“It doesn’t hurt when I’m playing”
The American Academy of Pediatrics has just prescribed a minimum of and hour of play per day. But the power of play is something kids have always recognized.   

Last week, at a birthday party in the park, a friend’s 7-year old came running to show the bloody scrape on his knee. Mom bent down to take a look, and just as she was about to offer to clean it up and get him a Band-Aid, he straightened up.  “No, it’s ok,” he said.  “It doesn’t hurt when I’m playing. And with that bit of wisdom imparted, he ran back to the play structure! Now, in the case of the bloody knee, play was a temporary fix for sure. He undoubtedly limped pathetically to the car when it was finally time to go home. But the wisdom of this kid’s understanding of pain, play, and the brain stuck with me. 

What a superhero! Read on to find 3 more ways PLAY makes children superheroes...

“Can you carry me?” 
On Sunday, my four-year-old was exhausted WAY too early on our weekly walk to the coffee shop. When she asked me to pick her up after only a block, I realized what a miserable 2.5 miles was ahead of us.  Somehow, I remembered the little boy at the birthday party the day before, whose super power was being able to ignore a scraped knee, and I wondered what some dramatic play could do for my tired preschooler...

- “Whew! We’re in trouble. This is a really big mountain coming up,” I told her. “I’ve got my mountain climbing boots on, though.” 
- “I’ve got mine, too!” she joined in. “They’re pink and purple.” 
- “That’s good. Mine have spikes on the bottom so they stick in the ice. And I have my trusty ice pick.” 
- “Me too!  I’ve got two of them! Let’s go!”  

And she climbed the sidewalk with more speed and energy than I’d ever seen before, tossing a pick to her dad and offering to pull her brother up with rope.  And for the rest of the walk, any rise in the road led her to whip out those trusty ice picks. Play for the win!

“Mama, do it funny.”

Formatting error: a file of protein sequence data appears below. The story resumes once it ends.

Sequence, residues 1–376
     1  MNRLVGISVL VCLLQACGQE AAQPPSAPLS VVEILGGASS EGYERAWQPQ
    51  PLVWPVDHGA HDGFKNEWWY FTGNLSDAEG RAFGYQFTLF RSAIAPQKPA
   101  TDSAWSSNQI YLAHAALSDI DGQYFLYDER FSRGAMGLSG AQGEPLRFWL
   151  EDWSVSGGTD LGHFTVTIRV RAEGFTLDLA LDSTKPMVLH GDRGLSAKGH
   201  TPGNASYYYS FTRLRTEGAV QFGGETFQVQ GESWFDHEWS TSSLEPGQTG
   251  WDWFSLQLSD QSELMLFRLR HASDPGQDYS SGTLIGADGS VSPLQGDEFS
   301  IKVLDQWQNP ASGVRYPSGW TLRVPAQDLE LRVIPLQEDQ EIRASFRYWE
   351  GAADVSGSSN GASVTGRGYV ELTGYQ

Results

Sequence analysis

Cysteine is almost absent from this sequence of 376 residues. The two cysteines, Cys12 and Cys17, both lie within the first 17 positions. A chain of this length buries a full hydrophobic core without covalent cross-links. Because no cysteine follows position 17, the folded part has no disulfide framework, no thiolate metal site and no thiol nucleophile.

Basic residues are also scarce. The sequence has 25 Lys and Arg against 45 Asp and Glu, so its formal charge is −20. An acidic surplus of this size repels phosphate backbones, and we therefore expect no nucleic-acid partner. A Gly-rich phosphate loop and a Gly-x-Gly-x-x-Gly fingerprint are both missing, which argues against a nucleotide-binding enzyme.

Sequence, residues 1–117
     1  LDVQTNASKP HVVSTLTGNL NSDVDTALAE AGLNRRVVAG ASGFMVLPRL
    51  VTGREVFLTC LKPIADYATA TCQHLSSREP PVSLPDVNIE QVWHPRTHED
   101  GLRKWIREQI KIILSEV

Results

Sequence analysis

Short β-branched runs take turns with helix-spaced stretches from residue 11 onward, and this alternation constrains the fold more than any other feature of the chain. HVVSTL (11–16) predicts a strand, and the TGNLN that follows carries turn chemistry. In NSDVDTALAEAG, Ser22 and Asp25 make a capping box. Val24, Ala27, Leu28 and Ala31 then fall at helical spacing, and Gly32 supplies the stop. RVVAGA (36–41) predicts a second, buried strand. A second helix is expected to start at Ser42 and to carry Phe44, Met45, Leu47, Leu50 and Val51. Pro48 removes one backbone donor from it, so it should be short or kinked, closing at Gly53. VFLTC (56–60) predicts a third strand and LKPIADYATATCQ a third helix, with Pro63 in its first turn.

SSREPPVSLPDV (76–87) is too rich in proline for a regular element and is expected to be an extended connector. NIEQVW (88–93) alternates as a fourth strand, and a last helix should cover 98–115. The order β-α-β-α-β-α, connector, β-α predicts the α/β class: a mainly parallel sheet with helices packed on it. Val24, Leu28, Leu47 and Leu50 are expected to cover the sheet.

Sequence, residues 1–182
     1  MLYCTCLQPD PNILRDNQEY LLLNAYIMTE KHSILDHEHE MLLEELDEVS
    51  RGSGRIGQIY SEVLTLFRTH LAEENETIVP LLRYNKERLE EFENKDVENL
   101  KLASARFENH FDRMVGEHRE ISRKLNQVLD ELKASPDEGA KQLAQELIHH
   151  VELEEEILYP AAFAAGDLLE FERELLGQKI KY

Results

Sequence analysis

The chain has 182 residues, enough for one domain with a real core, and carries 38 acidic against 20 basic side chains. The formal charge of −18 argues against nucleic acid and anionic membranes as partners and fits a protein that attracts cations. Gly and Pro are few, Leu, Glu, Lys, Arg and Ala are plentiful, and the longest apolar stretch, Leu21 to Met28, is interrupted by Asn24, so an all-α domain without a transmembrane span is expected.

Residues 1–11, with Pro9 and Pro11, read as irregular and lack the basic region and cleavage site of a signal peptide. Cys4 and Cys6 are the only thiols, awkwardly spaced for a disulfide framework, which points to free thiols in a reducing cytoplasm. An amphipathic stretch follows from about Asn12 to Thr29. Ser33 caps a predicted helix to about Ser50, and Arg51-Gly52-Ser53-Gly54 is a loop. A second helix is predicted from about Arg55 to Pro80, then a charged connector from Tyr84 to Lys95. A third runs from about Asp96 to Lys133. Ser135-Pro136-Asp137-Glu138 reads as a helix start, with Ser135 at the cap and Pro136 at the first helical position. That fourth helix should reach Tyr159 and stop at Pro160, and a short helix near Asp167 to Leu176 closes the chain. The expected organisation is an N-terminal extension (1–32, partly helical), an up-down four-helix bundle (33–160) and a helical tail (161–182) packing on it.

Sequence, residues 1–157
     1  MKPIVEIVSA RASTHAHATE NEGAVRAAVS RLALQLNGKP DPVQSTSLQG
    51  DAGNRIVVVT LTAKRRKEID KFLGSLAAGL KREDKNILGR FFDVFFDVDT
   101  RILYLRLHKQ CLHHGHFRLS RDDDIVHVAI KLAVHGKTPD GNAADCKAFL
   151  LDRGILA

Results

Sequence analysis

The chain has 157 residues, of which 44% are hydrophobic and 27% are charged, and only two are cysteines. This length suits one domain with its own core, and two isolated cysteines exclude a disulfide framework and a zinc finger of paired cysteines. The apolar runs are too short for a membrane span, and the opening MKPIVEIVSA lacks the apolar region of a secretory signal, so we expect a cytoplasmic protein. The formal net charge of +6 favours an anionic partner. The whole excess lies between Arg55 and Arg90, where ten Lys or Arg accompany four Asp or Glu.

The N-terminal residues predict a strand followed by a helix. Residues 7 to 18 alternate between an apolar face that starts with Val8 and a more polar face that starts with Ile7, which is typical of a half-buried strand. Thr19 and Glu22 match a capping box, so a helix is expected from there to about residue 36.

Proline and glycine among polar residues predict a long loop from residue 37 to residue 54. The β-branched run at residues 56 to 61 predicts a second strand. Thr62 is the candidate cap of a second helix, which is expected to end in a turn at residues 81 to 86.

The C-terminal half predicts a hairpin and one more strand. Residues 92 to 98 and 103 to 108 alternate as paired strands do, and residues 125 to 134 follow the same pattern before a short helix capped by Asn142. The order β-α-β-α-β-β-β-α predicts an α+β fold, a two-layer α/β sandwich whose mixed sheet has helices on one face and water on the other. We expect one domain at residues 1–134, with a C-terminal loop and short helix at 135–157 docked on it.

It seems like getting children dressed for the day from ages 3-8 would be a simple thing.  But the truth of encouraging children to get dressed independently is probably my greatest parenting pet peeve. Suggest, request, remind, demand, warn, threaten, and still the child is in pajamas.  

What bothers me the most is probably the fact that it bothers me so much. We’ve sung songs, made posters of the morning and night time routines, given positive reinforcement, but still there are days when the children find just too many other interesting things to do before getting dressed.   

Last week, my little one reminded me of the best way to put some speed into the getting dressed routine without an increase in my blood pressure.  “Mama, do it funny!” she said.  

And we repeated our favorite getting dressed game. Handing her a pair of underwear, I asked her politely to please put her hat on.   

-“ It’s underwear!” she laughed.
- “I know what it is,” I replied, “Now please put it on your head!” 
- “Mom! Underwear goes on your bottom.” 
- “No, no, no. You put it on your head, like a good little girl.” 

 Meanwhile, she had sneakily put the underwear on correctly.  But did I praise her?  Oh no. This is ‘doing it funny.’ My job is to be very angry/disappointed/frustrated/annoyed/confused. I demonstrated the range of emotions, but gave up and tried again with a new article of clothing.

“Fine, if you insist. But these socks must go on your hands. Do you hear me?” 

 She moved quickly, defying my requests and putting on her clothing correctly at an impressive speed.  And we both wound up giggling. Play gave us the super power of getting out of the house on time without arguing.  

“What’s patient?”  
LEGOLAND knows what’s up when it comes to children’s attention spans.  Even if you don’t buy the fast pass or whatever they call it, the lines outside the popular attractions all have LEGO stations, so while parents wind around and wait, the kids are busy.  If only the post office, airport security, and every crowded family restaurant had the same thing.  

What are our options?

1) Spend the 15 minutes nagging: “Don’t touch that. Come here. Stay right beside me. Be careful with that. Be kind to your brother. Be patient.”  An exhausting solution for everyone.

2) Hand them a screen and count on several quiet minutes.  A good and sometimes necessary solution, this works until guilt about excessive screen time paired with the child’s inordinately grumpy post-screen time attitude override the benefits!

3) Load up our bags with ‘busy games’ to keep them entertained.  A brilliant solution, somehow this has never worked for me. I just can’t remember, or keep my purse organized enough.

Or... play pretend! Write pretend letters to Santa. Rescue pretend spiders, fairies, ladybugs, puppies, and squirrels. Take pretend orders and serve pretend food....

We play a lot of pretend while waiting in lines. We get a warm and fuzzy feeling knowing we’ve been connecting with each other, but most importantly, we pass the time. So, what’s your child’s play superpower?